He was supposed to go to jail today, but Maricopa County detention officer Adam Stoddard is on the job instead, working in a courtroom just two floors above the judge whose orders he publicly defied Monday night.
Public defender Maria Schaffer said an attorney in her office spotted Stoddard in uniform, guarding the seventh-floor courtroom of Maricopa County Superior Court Judge Lisa Flores this morning. “He was there,” said Schaffer.
About 12 hours before he returned to the job, Stoddard stood outside the same courthouse and told a pack of journalists he would not obey an order by Judge Gary Donahoe to apologize for rifling through an attorney’s confidential files and seizing a letter from a defendant. The Oct. 19 incident took place in Flores’ courtroom, no less.
Stoddard told reporters he would rather go to jail than apologize.
Under the order by Donahoe, whose courtroom is on the fifth floor of the Maricopa County Superior Courthouse in downtown Phoenix, Stoddard should have reported for jail today.
Donahoe’s order said that if Stoddard did not apologize, he “shall report to the jail on December 1, 2009 and be detained until further order of this Court upon a finding that he has complied.”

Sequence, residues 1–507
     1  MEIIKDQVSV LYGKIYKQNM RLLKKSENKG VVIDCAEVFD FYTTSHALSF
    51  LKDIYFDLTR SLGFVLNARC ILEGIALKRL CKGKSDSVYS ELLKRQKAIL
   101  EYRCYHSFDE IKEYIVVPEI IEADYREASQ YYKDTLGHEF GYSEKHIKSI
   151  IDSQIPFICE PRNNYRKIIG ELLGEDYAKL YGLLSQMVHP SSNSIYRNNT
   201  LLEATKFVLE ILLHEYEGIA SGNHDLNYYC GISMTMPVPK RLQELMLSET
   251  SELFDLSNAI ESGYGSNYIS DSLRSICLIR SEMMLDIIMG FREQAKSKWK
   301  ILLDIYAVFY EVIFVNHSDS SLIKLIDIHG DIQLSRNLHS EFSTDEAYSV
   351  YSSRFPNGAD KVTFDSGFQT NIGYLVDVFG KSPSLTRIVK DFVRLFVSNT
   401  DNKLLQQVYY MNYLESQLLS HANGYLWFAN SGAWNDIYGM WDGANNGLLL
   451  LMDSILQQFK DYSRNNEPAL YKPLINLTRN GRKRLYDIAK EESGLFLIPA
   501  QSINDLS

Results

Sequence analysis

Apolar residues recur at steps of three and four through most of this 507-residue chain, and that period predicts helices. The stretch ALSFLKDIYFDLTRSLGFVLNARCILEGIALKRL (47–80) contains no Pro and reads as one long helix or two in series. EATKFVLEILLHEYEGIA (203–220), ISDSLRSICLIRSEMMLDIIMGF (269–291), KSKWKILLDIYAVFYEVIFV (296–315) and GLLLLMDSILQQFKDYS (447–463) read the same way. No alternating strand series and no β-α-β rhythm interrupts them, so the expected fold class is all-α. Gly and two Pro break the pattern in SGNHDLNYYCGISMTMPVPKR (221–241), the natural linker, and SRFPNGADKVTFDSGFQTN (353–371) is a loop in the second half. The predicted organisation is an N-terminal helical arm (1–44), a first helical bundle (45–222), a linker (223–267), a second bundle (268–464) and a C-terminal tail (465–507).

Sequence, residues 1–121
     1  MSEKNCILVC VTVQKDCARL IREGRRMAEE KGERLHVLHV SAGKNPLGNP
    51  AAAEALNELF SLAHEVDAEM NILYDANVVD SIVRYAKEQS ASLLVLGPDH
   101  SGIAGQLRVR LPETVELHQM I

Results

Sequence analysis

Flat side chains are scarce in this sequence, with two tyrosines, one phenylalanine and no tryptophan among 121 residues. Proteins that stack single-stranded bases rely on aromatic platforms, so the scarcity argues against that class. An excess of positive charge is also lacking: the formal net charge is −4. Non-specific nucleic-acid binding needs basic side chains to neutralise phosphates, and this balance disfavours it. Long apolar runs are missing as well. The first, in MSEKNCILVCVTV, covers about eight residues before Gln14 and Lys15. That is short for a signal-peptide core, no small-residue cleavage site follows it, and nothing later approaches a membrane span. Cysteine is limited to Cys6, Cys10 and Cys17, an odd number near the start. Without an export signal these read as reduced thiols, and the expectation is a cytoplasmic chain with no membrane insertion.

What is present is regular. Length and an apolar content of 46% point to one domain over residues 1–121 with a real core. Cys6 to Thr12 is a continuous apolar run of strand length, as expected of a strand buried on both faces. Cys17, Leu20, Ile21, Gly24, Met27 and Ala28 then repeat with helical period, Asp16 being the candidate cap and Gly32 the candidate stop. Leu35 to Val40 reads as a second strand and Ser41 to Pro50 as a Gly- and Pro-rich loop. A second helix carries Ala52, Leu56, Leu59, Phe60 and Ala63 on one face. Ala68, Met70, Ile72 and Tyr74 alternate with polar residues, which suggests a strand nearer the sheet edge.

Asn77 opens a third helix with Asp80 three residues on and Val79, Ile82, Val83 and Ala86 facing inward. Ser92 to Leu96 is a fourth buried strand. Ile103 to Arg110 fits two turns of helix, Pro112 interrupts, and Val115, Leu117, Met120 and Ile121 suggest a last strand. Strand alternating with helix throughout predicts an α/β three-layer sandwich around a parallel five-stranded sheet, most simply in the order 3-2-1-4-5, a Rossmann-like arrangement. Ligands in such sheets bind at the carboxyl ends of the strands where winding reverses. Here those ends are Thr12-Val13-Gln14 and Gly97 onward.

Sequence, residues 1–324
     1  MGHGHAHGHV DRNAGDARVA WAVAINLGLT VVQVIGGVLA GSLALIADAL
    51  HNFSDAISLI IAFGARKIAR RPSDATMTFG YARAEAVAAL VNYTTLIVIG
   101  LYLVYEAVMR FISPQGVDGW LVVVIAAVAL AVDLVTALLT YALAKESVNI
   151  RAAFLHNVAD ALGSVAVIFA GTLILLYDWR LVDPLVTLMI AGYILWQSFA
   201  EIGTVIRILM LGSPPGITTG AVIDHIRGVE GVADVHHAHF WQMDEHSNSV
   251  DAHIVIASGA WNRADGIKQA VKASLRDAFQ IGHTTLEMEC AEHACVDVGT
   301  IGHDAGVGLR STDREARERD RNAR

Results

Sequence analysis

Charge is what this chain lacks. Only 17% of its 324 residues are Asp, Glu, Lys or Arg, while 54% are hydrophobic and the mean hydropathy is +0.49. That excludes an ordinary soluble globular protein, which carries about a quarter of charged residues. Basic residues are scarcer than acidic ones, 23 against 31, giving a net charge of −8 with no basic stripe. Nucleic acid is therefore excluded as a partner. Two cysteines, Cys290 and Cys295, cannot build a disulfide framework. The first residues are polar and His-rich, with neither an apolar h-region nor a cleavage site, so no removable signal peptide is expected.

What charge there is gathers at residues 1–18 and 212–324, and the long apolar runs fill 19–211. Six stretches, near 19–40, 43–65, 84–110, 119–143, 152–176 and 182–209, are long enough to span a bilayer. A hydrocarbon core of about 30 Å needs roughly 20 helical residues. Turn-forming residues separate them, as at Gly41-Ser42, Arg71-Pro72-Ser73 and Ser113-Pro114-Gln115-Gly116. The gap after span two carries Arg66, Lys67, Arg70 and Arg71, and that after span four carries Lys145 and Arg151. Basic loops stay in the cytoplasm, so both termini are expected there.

But Stoddard’s attorney told Heat City today that he believes Donahoe’s order alone is not enough to put the detention officer behind bars for contempt of court.
Deputy county attorney Tom Liddy said Donahoe needs to also issue an arrest warrant or an order of confinement. He said Stoddard “cannot walk in off the street” and present himself to the jail. “It doesn’t work that way,” he said.
Meantime, Liddy said he and other attorneys still preparing to file a request with the Arizona Court of Appeals to strike down Donahoe’s ruling.
“These are tactical and strategic decisions that need to be made,” he said.
Schaffer, who is representing the defendant whose documents were seized by Stoddard, declined further comment. Calls to the courts of Donahoe and Flores were not returned.